The Course SyllabusA Guide for Student Success Office for Faculty Excellence Dorothy H. Muller Whether you’re a seasoned faculty member with many syllabi in your files or a beginning faculty member, please check out this information about the syllabus at ECU. August 2010
Mentor in a Manual: Climbing the Academic Ladder to Tenure. 2nd ed. By A. Clay Schoenfeld & Robert Magnan. Madison, WI: Magna Publications, Inc. 1994. “The syllabus should serve as a map for your journey through the semester. It should provide enough detail to direct your students, but not so much that they feel overly programmed. Think of your role as that of a tour guide: you want your schedule to indicate the major activities, but allow freedom to explore side roads according to the interests and needs of your class, serendipity, fate, and human elements. “ (Schoenfeld & Magnan, page 198) Howard Altman quote: Since the course syllabus becomes a written legal covenant between the instructor and the students in the course, each syllabus should end with a caveat of the following sort: “The above schedule and procedures in the course are subject to change in the event of extenuating circumstances.” This caveat protects the instructor and department if changes in the syllabus need to be made once the course is underway. (page 198)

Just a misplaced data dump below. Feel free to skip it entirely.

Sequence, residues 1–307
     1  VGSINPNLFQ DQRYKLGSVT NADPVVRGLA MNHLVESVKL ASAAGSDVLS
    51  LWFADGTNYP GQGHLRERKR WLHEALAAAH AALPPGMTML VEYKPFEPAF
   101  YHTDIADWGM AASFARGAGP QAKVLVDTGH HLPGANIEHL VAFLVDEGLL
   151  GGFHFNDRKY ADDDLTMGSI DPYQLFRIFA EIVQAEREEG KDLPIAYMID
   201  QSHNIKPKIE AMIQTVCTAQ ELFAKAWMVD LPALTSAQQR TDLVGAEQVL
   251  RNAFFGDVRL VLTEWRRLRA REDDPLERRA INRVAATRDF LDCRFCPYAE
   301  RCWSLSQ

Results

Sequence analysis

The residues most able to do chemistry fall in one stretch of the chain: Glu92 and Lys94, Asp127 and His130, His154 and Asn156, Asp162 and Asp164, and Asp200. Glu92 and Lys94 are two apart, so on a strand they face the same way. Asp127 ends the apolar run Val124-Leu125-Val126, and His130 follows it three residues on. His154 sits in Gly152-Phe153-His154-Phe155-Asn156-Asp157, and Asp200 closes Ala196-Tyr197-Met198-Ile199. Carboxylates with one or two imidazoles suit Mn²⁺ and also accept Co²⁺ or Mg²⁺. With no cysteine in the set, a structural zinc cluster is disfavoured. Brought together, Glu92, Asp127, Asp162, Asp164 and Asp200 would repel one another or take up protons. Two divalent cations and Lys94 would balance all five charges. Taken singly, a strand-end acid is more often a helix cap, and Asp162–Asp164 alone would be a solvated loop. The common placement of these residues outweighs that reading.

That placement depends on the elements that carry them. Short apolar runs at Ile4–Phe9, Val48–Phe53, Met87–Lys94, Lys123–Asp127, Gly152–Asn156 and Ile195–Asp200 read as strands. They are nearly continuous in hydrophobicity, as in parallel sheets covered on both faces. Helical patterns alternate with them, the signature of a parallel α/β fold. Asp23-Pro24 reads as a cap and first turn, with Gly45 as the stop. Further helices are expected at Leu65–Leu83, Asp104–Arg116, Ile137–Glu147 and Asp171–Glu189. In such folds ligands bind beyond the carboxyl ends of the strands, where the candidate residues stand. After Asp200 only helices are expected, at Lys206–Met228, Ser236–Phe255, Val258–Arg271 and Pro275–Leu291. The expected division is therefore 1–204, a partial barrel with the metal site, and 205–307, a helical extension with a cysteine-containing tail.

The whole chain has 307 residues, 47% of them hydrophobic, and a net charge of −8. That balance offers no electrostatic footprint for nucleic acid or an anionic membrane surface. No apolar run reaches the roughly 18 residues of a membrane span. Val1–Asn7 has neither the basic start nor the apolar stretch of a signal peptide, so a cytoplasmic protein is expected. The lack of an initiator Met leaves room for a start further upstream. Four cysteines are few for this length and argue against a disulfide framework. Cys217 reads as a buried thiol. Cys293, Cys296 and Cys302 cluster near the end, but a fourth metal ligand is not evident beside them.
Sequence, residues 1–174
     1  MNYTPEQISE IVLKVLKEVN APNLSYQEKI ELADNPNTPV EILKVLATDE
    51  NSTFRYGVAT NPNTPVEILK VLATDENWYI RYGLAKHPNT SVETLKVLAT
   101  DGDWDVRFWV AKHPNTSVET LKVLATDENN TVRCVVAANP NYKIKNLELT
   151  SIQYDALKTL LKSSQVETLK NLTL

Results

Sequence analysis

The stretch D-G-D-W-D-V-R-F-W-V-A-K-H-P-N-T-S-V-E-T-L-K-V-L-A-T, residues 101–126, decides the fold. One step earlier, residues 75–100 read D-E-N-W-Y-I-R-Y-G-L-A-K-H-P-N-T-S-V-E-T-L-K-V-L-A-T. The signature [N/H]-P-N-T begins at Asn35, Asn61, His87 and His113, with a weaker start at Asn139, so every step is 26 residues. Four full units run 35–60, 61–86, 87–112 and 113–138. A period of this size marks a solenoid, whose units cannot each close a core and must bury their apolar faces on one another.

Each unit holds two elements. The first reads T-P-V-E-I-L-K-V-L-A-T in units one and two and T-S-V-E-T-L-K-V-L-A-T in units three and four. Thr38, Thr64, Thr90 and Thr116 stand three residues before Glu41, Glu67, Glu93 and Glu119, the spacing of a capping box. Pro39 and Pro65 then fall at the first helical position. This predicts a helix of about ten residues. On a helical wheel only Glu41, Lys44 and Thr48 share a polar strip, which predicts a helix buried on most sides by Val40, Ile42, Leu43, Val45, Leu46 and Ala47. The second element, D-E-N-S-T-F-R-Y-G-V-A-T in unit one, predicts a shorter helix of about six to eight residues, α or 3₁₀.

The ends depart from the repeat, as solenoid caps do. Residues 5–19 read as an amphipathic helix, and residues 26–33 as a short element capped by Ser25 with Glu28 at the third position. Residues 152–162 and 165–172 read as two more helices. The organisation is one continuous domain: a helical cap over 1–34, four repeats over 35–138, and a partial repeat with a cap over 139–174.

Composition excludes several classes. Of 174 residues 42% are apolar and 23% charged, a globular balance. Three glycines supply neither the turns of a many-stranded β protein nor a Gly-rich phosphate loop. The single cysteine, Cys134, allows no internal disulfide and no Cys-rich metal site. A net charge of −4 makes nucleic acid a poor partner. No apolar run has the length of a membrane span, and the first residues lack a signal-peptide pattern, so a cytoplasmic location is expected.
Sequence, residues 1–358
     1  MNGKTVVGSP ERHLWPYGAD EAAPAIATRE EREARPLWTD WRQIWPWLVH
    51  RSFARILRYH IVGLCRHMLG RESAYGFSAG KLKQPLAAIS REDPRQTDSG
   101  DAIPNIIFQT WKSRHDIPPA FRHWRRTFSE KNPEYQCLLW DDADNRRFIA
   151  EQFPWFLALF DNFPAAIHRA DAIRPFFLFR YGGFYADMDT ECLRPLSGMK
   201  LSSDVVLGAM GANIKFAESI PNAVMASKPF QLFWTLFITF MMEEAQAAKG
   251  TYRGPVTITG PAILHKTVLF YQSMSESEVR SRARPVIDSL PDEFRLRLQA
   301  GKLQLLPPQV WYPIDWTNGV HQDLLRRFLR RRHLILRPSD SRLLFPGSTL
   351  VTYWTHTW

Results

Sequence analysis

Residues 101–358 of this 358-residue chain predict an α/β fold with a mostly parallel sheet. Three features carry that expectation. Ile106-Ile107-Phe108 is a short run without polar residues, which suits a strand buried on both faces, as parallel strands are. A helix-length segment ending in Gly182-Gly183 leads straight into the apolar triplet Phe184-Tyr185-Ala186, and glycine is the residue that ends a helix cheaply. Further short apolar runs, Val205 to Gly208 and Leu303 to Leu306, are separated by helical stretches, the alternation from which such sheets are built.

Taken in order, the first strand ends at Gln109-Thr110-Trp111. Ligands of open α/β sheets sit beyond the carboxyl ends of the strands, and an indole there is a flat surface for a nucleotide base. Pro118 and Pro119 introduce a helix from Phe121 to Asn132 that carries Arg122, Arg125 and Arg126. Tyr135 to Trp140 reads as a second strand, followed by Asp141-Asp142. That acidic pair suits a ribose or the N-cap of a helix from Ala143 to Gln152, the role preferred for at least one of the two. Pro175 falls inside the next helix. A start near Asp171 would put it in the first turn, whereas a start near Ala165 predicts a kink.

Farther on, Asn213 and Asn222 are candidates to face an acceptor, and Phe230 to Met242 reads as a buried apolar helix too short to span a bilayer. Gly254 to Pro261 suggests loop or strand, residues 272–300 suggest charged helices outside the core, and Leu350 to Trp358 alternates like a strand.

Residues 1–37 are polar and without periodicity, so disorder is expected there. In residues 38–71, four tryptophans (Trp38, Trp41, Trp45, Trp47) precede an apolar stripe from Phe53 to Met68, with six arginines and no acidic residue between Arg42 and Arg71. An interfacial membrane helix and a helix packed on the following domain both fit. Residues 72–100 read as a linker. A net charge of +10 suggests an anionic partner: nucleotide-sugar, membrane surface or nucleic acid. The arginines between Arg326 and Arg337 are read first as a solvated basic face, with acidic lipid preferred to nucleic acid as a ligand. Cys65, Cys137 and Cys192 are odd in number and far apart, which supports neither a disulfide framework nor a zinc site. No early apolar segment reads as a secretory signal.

M. Orientation of Courses • At the opening of each semester, faculty members should provide the following information during the initial class meetings: • The prerequisites of the course, if any, and the required class standing, that is, freshman, sophomore, etc. Students not eligible for the course should be sent to the Office of the Registrar immediately. • The content of the course • The objectives of the course and the value to be derived from the course • The complete requirements of the course, such as textbooks, other materials required, number and nature of reports to be submitted, outside reading, notebook requirements, types of quizzes to be used, and class attendance regulations • The weight of the various requirements of the course in determining the final grade • Smoking is prohibited in all ECU classrooms • The first meeting of each class should consume the full time allotted by the schedule. • Faculty members are expected to have in their possession a syllabus for each course they teach. It is the responsibility of each dean and chairperson to have syllabi for all courses taught in the college, school, or department. • [Note: Many faculty hand out and review the syllabus at the first class meeting. Online instructors often include a beginning assignment where student review and take a quiz on the syllabus.] For more, see • http://www.ecu.edu/cs-acad/fsonline/customcf/facultymanual/part5/part5.htm. ECU Faculty Manual – Part 5: Academic Information
ECU Syllabus Resources The ECU course approval process requires submission of a syllabus. The following proposals provide information to guide faculty in creating syllabi for their teaching of those classes. Graduate course proposal http://www.ecu.edu/cs-acad/gcc/upload/12_05_07_HLTH_6005_Course_Proposal_Form-3.doc Undergraduate course proposal http://www.ecu.edu/cs-acad/fsonline/customcf/committee/cu/courseproposalformWord.doc